Legendary Japanese animator Hayao Miyazaki bows out in typically unorthodox style with this visually stunning story of aeronautical engineer Jiro Horikoshi, a peace-loving designer who nevertheless designed the lethal WWII Zero fighter. His life takes in the Great Kato earthquake of 1923, the Great Depression and, most significantly, the flexing of Japan's military muscles as it joined Germany in preparation for war. Miyazaki's swansong proves to be a genuine flight of fancy.
Unlike Germany, Japan's continual reluctance to fully atone for its vicious role in World War II has always left a taste in the mouth like week-old sushi.
So it's quite a surprise that legendary Japanese animator Hayao Miyazaki - a vociferous critic of his country's military amnesia - should dodge the bullet with a movie that fails to come out all guns blazing.
The intriguing story centres on Jiro Horikisho, a bookish adolescent whose myopia prevents him becoming a pilot...so he trains as an aeronautical engineer instead, inspired by vivid dreams of Italian plane-maker Gianni Caproni.
Early in his career he experiences a key encounter when he assists a woman and her daughter during the Great Kanto earthquake of 1923, a scene beautifully rendered by Miyazaki who conveys the terrible power of the quake with rippling rooftops and the gentle rattle of railway ballast in its eerily silent aftermath.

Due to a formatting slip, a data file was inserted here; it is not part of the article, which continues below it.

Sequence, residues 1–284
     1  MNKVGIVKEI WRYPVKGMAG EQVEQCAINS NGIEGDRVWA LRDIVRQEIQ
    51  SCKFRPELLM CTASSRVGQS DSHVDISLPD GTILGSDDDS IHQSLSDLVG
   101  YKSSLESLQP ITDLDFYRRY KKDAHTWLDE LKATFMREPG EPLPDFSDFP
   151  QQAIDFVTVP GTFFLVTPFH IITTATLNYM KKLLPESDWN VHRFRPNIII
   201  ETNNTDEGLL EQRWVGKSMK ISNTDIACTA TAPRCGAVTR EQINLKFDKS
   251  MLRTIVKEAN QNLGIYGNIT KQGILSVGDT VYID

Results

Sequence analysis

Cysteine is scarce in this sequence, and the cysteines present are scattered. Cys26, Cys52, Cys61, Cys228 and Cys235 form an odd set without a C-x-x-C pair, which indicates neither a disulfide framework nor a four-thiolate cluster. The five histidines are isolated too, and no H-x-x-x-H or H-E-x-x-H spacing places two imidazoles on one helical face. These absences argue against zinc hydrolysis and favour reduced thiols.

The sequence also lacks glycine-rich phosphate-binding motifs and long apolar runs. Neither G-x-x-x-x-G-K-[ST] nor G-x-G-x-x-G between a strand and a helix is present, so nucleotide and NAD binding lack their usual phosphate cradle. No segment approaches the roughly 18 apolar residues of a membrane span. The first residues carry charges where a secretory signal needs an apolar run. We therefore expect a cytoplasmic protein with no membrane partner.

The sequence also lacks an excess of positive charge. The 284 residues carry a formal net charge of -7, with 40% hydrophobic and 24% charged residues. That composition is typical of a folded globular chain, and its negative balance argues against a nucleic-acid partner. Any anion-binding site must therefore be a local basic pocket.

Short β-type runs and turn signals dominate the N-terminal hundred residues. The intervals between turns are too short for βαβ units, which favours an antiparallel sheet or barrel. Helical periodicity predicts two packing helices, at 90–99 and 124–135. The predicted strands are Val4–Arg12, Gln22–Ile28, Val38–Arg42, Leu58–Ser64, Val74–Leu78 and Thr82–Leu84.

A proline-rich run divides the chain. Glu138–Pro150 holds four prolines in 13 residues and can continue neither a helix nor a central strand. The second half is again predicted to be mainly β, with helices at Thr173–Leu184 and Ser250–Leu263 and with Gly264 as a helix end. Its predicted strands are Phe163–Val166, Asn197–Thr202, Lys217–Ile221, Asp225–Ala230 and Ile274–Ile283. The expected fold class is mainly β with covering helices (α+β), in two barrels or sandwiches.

The young girl becomes his wife, who is stricken with tuberculosis just as he's making a name for himself as an elite engeineer in the fledgling Tokyo aviation industry. However, his professional aim - to find the beauty in his soaring machines - is compromised by fact-finding trips to a sabre-rattling Germany.
Nevertheless, he presses on with his quest to build the perfect aeroplane, an ambition satisfied by the prototype of a fighter which will become the lethally efficient Mitsubishi A5M and subsequently the dreaded Zero.
Miyazaki argues that Horikisho's yearning for beauty has the power to destroy, hence the ultimate realisation of his skills as a plane designer is the fighter used by the Japanese kamikaze pilots against the advancing Americans.
However, nowhere is the destructive power of the product of Horikisho's vision featured in the film. Instead, it's alluded to in a series of dream sequences, an unsatisfactory acknowledgement of the real purpose of his life's work.
Ultimately, Miyazaki fails to hold the responsibility-shy Horikisho to account...which suggests he has his head hidden in the clouds as much as the young aerial inventor.